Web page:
By Morgan Wallace, MBA
Sleep is fundamental in being able to properly maintain a healthy lifestyle. Sleep gives our bodies the much needed rest it needs to recover from each day, maintain homeostasis, and feel alert and awake throughout the day. The body has an internal clock that operates on a 24-hour cycle, signaling to itself when it should be bright and active versus when it should get increasingly tired and drowsy. To receive proper rest, individuals should be aware of the internal cues that the body is signaling and use them as indicators of when to rest and/or sleep. Light is also a significant external signal that gives the body cues for alertness. Natural light helps the body release the hormone, cortisol, allowing the body to be alert, whereas melatonin, the hormone responsible for inciting tiredness, is produced when natural light fades. So as you can see, we are naturally programmed to remain awake during the sunlight hours and become increasingly tired as the day wanes.
When individuals do not receive enough sleep, they are increasingly susceptible to a range of diseases (i.e. type 2 diabetes, high blood pressure, heart disease, stroke, and poor mental health), reduced cognition and reactions, and increased memory lapses and mood swings. So simply by getting enough un-interrupted sleep, we can combat many negative consequences. It is recommended that most adults get seven to nine hours of sleep. This gives the body sufficient time to complete several rounds of sleep cycles, known as non-rapid eye movement (NREM) sleep and rapid eye movement (REM) sleep, that aid the body in recovery.
There are many strategies that individuals can use to get into a consistent routine, enabling them to get the sleep they need. For instance, it may be helpful to set a bedtime and to set a time to rise and to adhere to that schedule every day, including weekends. Using a lavender scent on the underside of the pillow is said to aid in relaxation. Exercising throughout the day may make the muscles tired and prepared for rest.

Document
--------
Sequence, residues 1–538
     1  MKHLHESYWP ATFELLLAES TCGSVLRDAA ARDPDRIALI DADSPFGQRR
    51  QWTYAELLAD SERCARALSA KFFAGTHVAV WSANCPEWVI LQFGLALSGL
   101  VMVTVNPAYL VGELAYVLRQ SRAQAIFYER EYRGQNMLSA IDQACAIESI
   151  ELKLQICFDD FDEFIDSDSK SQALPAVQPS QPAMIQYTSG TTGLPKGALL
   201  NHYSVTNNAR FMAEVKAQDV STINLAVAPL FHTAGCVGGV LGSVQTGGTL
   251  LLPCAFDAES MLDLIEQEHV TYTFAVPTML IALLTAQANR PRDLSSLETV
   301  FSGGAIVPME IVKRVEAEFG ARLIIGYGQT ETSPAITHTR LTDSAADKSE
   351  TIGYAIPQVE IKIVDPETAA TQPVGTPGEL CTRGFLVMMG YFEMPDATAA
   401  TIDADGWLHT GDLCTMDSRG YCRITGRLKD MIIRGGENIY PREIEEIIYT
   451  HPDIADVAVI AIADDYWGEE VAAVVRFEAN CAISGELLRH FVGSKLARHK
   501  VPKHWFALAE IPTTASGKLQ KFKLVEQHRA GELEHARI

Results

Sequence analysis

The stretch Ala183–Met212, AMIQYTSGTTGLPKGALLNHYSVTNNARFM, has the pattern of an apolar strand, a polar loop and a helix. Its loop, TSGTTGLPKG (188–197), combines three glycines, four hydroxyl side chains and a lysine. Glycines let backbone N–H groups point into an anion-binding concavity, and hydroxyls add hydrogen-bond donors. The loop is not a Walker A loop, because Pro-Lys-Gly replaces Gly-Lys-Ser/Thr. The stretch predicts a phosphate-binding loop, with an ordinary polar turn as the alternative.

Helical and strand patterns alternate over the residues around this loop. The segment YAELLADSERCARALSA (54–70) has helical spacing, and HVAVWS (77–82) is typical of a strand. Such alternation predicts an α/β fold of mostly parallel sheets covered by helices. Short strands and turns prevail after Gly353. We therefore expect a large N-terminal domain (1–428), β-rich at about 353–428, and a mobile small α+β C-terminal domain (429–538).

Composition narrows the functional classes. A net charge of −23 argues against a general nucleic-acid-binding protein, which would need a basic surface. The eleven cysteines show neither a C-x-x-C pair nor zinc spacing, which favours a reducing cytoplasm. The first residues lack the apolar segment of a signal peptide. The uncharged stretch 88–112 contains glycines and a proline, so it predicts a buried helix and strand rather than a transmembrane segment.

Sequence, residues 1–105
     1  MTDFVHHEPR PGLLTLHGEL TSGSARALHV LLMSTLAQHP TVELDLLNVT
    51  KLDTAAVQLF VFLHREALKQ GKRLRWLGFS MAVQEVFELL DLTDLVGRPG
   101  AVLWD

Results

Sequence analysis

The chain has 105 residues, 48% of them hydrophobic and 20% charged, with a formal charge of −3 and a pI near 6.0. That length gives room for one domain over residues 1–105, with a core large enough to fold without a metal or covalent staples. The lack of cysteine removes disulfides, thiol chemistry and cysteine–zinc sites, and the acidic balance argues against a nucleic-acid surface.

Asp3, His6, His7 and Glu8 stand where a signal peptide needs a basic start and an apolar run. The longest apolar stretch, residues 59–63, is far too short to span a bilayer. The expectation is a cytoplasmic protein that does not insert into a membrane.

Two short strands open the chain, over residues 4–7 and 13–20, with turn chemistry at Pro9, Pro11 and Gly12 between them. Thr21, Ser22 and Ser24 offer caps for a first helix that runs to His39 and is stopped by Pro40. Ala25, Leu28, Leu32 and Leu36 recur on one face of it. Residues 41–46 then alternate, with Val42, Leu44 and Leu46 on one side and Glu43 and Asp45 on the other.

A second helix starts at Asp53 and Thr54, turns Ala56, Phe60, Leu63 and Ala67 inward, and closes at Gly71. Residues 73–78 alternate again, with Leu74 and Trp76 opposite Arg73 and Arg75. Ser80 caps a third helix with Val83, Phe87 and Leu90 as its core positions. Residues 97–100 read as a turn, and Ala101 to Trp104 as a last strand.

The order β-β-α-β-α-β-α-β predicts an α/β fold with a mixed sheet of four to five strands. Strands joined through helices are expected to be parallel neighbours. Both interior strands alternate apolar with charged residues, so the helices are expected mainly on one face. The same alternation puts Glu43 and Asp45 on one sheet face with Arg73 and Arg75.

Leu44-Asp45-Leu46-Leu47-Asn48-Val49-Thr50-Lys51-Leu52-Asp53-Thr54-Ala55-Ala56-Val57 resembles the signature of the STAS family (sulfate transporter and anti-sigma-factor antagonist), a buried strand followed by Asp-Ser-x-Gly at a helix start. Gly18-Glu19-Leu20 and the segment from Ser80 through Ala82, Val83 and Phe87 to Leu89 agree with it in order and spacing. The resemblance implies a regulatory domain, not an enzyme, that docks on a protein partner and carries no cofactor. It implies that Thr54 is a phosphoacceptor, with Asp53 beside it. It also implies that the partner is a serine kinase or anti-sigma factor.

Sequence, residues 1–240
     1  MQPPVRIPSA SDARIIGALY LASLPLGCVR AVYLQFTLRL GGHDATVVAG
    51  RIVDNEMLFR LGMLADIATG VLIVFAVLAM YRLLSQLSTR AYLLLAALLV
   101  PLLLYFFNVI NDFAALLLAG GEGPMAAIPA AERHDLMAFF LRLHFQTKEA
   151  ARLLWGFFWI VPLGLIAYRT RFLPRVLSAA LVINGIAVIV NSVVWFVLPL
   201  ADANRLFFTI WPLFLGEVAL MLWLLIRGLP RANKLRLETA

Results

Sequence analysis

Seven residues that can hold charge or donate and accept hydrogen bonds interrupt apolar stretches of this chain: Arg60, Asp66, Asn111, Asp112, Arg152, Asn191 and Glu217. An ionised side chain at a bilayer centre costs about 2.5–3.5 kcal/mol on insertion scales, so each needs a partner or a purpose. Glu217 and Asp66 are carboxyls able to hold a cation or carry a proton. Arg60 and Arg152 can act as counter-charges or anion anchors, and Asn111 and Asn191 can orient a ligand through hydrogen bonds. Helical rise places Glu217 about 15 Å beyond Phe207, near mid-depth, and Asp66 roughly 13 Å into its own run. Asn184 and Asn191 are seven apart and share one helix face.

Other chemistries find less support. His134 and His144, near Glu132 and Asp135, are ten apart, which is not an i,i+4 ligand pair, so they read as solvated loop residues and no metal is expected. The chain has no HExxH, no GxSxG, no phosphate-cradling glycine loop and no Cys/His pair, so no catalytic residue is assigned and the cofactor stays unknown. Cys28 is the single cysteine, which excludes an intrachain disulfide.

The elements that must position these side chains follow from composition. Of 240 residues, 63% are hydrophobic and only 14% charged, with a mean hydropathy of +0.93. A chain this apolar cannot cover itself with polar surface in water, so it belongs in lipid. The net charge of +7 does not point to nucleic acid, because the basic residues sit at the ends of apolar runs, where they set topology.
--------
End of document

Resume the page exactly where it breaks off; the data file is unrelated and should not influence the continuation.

Avoiding stimulating substances, such as caffeine, alcohol, T.V., computers, or other screens prior to bedtime or large meals that make it uncomfortable to lie down for rest may help. Ensuring your mattress, pillows, and room temperatures are conducive to your sleeping preferences is also important. You may even want to pay close attention to the mattress’s firmness and thread count of the sheets. Focusing on overall nutrition will help the body to operate properly when awake and during sleep. Consuming many whole plant-based foods can fuel the body to keep it healthy, making it easier for the body to focus on recovery during rest. Limiting long naps throughout the day allows the body to take full advantage of being tired when it’s time for prolonged sleep. Minimizing stress also plays a major role in achieving good sleep. Stress can significantly inhibit the body’s and mind’s ability to relax and successfully complete each sleep cycle. Invest time in activities that help you to destress, such as taking a long walking, talking to a good friend, and yoga/meditation. These are some key tips that may help get you started in getting better sleep.
By sticking to a consistent and healthy sleep routine, we will end up feeling much more rested and vibrant throughout the day and our bodies will have been able to sufficiently recover. Sleep makes a significant impact on our physical and mental health. If you want to learn more about the sleep, I recommend reading The Sleep Revolution: Transforming Your Life, One Night at a Time by Ariana Huffington. Huffington shares many personal experiences regarding sleep that further highlight its significance. It is an excellent read.
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